The Inauguration And Its Discontents
A Protest Against the Odds
by Mark Engler
After losing the popular vote and preventing a full count of Florida
ballots, George W. Bush hardly has the right to expect a tranquil
coronation this weekend. And even with an inaugural ceremony carefully
choreographed to elicit media adulation, as well as battalions of
Washington, D.C., police attempting to quash any unscripted surprises, he
may not get one. As upwards of a half million Republican loyalists pack the
parade route this weekend, smaller crowds will rally to protest the stolen
election and question Bush's mandate to pursue conservative policies.
One would expect the activists taking to the streets to be the Democrats'
party stalwarts, core Gore supporters disgusted by the electoral upset. In
reality, the dissenters now preparing for action did not, by and large,
support the Vice President's campaign at all. Those who have plastered D.C.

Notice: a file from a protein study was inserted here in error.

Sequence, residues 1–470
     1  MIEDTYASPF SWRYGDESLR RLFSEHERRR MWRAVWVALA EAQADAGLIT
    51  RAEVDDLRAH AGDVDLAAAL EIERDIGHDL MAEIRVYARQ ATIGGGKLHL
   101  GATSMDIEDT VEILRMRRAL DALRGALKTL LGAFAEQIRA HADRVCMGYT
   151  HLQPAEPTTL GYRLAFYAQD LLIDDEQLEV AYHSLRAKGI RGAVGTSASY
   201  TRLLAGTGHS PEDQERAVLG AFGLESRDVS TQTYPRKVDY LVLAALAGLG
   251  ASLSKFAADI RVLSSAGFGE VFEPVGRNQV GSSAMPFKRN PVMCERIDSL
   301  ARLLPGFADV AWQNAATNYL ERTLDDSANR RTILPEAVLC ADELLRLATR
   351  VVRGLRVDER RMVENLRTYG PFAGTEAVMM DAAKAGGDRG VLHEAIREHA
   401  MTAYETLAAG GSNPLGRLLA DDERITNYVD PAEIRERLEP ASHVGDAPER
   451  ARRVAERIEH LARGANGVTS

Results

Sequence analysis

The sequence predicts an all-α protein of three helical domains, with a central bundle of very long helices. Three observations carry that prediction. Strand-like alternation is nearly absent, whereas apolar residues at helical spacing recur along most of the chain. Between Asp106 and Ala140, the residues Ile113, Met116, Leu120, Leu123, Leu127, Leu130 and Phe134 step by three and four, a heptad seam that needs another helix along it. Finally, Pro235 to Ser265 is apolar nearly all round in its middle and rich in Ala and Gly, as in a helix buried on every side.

with signs reading "Hail to the Thief!" represent a collection of Black
radicals and critics of corporate globalization, Nader supporters and death
penalty abolitionists. Their outrage has raised some interesting questions:
How did this multi-issue assortment of seasoned protesters become the de
facto standard bearer of Democratic discontent? And what success might
these demonstrators have at the inauguration?
The Democratic Party itself opted early on against a mounting a mass
challenge to Bush's legitimacy. After Election Day, when attention first
shifted to the Florida tabulations, Gore discouraged public demonstrations.
He choose instead to front a cool, executive image. In those important
days, his campaign condemned any protests as misplaced "electioneering." By
the time he recognized that the terrain in Florida was too hopelessly
politicized for such detached observation, he had ceded crucial ground to
In at least one case, rowdy conservatives actually affected the tallying: